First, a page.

It would be simple if there was a "silver bullet" answer to this question but there simply is not. Each option has certain advantages and limitations (it is difficult to say either has "disadvantages" if completed successfully). Ultimately, it is important to understand that there is no hard and fast rule about what a college or university does with an applicant who has AP and/or dual credit courses on his/her high school transcript. Let's not forget there are still schools out there that do not accept AP or dual credit credits no matter what the score on the exam was or who is sanctioning the curricula. What can at least be agreed upon though is that the better the performance, the higher the likelihood of finding some kind of transference into the undergraduate setting. In the end, it is perhaps most helpful to encourage a college applicant to contact the school of his or her choice to see exactly what it will or will not accept rather than being surprised at the last moment. College admissions processes are often very complicated and involve more than successful completion of just AP or dual credit courses. An aspiring college student should consider all of the facets of their application in order to create the greatest chance of success. Once in the door, the rest is up to them.
Chart modified from data acquired at El Paso (TX) Independent School District
Why West Chester University?
In 2010, Upper Dublin's geoscience dual enrollment initiative began with a partnership established with the State University of New York (SUNY) through a preexisting program at the Oneonta campus called the Earth Science Outreach Program (ESOP). SUNY Oneonta created the ESOP in 2004 whereby New York state high schools could apply for dual credit status through the campus’s Earth Sciences Department. The program’s director, Dr. Jim Ebert, realized both the reality of the AP dilemma and the fact that there were many talented geoscience instructors teaching at the high school level across New York. Unfortunately, these instructors had no vehicle with which to compete with the natural draw of AP science courses. Ebert sought to create the ESOP as a partnership between the SUNY and the high school communities where the geosciences would have a chance to engage high school students at the same rigor as the APs with the same chances of gaining college credit at the end of the course. To date, approximately 12 New York high schools have established dual credit partnerships with SUNY and it has proven to be a very successful program. However, until the Upper Dublin proposal in 2009, the ESOP had never extended beyond the borders of New York. After extensive work and coordination between Dr. Ebert, Dr. Todd Ellis (the program’s other director for several years) and Upper Dublin advanced geosciences instructor Rick Schmidt, UDHS became the first out of state high school to enter into an ESOP agreement with SUNY, an major achievement for both schools. This dual credit agreement was also the first of its kind for any major subject course at Upper Dublin. Between 2010 and 2013, over 100 UDHS students were able to benefit from this partnership and more than a few eventually chose to begin their undergraduate years as geoscience majors.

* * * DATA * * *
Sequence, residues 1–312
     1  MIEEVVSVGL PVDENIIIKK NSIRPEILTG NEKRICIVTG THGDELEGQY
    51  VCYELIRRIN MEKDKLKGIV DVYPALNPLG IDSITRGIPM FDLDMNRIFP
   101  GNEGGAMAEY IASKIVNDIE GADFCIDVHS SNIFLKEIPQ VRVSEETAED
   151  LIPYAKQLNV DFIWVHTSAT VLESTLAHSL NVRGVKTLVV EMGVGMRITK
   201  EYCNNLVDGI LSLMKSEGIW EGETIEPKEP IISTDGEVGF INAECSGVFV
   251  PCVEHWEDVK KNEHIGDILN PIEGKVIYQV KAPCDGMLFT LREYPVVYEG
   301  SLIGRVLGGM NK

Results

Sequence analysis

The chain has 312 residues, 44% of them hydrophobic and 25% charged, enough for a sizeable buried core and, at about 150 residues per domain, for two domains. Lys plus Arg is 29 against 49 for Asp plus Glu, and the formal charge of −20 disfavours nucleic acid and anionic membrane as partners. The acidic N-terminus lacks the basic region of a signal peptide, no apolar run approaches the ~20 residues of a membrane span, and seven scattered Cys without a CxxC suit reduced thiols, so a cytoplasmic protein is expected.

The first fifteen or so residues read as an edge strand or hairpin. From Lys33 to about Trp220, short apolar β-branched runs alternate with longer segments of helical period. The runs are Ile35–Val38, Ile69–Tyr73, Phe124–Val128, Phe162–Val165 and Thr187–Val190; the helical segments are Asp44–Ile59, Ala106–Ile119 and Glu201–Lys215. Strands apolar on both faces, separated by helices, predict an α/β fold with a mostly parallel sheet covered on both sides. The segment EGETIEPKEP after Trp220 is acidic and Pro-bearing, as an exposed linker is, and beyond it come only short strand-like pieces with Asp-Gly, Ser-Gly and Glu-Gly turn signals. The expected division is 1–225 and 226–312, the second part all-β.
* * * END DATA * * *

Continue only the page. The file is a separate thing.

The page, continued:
The SUNY/UDSD partnership set the stage for SUNY to extend the ESOP beyond New York's borders which they did until early 2014 when senior administration (not the Earth Science Department) decided to limit ESOP's reach to New York schools and effectively ending the SUNY/UDHS partnership. However, through a fortuitous meeting between Dr. Schmidt and Dr. Martin Helmke, Geology and Astronomy Department Chair of West Chester University at the 2013 GSA Annual Meeting and Symposium in Denver, CO, the groundwork was set for UDHS's next partnership, this time with West Chester University.